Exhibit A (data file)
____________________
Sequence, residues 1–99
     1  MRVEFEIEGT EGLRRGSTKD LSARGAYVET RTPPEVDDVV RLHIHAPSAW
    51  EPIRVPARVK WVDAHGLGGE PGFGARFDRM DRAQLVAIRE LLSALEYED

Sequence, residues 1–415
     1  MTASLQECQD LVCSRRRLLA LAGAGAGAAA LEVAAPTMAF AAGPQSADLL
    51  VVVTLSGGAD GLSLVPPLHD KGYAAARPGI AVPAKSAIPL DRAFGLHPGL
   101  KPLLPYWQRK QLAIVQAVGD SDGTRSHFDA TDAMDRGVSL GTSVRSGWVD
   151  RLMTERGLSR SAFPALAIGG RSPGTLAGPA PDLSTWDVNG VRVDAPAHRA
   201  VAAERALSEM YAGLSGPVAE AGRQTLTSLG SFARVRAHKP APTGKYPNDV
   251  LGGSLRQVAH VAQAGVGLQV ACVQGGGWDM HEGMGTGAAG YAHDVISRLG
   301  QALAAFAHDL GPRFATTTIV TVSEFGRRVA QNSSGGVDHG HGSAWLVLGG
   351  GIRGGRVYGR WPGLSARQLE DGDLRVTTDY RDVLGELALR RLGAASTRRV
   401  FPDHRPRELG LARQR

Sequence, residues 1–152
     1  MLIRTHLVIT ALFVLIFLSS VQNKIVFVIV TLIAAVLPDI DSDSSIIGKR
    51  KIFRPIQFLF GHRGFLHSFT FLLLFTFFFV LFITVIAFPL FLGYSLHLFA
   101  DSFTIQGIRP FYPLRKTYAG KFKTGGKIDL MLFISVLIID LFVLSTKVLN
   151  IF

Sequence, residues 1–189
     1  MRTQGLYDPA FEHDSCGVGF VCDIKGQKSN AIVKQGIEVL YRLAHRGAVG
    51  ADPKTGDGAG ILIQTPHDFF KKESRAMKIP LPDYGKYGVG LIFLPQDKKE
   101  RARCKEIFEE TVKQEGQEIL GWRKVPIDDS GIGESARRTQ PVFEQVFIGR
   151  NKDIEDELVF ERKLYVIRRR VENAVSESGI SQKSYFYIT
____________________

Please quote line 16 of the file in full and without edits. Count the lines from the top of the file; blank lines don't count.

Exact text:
    51  KIFRPIQFLF GHRGFLHSFT FLLLFTFFFV LFITVIAFPL FLGYSLHLFA